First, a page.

First Woman Speaker
In recent years women have been able to advance up the political ladder like never before, with Hilary Clinton occupying what is arguably the second most powerful position in the world right now. There are more numerous examples of women being taken into office across the world in developing countries, yet there is still some way to go if they are to get to the level of men. But now Singapore has taken steps to show that it is not behind the times by electing Halimah Yacob as the city-states first female Speaker in Parliament.
After being nominated for the post by Prime Minister Lee Hsien Loong, she has been ordained into the seat and now takes over the reins from the disgraced Michael Palmer, 44, who left the job in disrepute after having an affair. It will take some time to rebuild the image of the speaker but Halimah has time to assert her own stamp on proceedings.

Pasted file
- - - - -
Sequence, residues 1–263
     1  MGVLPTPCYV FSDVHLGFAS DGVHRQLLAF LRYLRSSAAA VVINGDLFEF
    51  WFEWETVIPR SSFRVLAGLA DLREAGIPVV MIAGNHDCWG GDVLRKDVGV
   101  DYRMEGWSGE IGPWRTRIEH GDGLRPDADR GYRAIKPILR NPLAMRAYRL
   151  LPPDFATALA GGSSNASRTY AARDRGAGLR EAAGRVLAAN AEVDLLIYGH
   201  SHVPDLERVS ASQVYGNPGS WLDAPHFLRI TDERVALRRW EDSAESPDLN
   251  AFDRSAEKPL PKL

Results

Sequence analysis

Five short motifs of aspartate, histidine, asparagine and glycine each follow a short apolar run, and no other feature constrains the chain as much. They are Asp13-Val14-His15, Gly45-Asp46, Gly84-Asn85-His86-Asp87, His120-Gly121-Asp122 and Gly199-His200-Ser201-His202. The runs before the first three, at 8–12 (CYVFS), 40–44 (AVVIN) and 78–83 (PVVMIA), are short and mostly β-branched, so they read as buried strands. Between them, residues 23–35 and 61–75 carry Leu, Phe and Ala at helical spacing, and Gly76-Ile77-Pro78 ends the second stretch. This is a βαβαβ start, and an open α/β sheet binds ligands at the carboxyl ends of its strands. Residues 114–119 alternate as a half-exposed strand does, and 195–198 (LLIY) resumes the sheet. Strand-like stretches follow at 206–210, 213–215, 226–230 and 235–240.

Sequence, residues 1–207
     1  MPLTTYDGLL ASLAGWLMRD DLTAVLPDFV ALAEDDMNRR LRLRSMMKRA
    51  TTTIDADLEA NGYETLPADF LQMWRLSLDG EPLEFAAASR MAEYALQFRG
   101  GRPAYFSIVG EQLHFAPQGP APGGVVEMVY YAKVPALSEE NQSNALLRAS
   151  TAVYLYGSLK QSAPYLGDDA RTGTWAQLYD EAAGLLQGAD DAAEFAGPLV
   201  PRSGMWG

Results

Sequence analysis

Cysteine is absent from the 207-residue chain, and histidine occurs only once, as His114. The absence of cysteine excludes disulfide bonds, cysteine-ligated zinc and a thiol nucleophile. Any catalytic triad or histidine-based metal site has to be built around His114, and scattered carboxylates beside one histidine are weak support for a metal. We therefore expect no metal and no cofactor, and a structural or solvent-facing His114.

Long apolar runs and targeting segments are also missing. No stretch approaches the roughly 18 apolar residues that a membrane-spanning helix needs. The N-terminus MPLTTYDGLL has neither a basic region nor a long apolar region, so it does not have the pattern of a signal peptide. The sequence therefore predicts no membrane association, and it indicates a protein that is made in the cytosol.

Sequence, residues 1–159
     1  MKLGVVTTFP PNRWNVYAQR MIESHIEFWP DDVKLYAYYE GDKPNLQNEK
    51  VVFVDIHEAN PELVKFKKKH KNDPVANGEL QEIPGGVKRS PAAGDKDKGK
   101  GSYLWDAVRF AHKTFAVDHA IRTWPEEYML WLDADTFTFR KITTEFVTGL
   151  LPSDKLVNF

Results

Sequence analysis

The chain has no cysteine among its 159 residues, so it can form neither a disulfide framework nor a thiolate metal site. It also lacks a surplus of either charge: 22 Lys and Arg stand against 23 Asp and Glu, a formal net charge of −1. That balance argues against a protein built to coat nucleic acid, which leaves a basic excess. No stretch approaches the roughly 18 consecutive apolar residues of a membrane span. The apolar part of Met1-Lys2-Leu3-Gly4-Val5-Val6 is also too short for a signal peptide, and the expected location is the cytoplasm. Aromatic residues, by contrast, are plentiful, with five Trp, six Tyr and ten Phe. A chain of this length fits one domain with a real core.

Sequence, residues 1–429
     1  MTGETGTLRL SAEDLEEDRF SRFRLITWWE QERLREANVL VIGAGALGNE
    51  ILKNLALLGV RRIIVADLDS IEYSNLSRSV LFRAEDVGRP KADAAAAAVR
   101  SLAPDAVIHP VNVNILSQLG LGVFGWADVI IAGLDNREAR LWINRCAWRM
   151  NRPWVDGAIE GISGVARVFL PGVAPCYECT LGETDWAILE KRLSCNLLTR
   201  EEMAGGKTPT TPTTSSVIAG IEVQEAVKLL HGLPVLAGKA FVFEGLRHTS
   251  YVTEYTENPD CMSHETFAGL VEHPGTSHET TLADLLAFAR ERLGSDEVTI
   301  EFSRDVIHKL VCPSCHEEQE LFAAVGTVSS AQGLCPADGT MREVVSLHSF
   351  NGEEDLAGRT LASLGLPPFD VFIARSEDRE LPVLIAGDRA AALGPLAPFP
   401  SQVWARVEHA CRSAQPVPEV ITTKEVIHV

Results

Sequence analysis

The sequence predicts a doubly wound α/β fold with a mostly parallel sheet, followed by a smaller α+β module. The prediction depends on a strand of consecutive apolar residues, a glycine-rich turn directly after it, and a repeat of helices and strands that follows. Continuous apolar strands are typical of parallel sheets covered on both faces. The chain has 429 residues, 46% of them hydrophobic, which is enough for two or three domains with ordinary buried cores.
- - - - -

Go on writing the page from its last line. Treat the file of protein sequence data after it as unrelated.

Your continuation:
The job is very similar to that of the speaker in the Houses of Parliament in Great Britain, with John Bercow occupying the seat right there. Parliament can get quite lively with many people trying at once to express their views. Halimah, 58, will supervise debates that go on inside the House and will be able to crack her whip if anyone gets out of line. There are many rules within the standing orders which stop people from shouting out or name calling, and this ensures Parliament can run in an orderly fashion. Without the speaker, it would have the potential to descend into absolute chaos.
Halimah had to give up her former job as Minister of State for the Ministry of Social and Family Development
immediately. This is because the speaker must be impartial and therefore cannot be a Members of Parliament because they have a role in the decision making.
Prime Minister Lee obviously thinks he has made a shrewd decision and described Halimah as a person who spoke "with a practical, compassionate voice, helping us to shape effective policies with a human touch".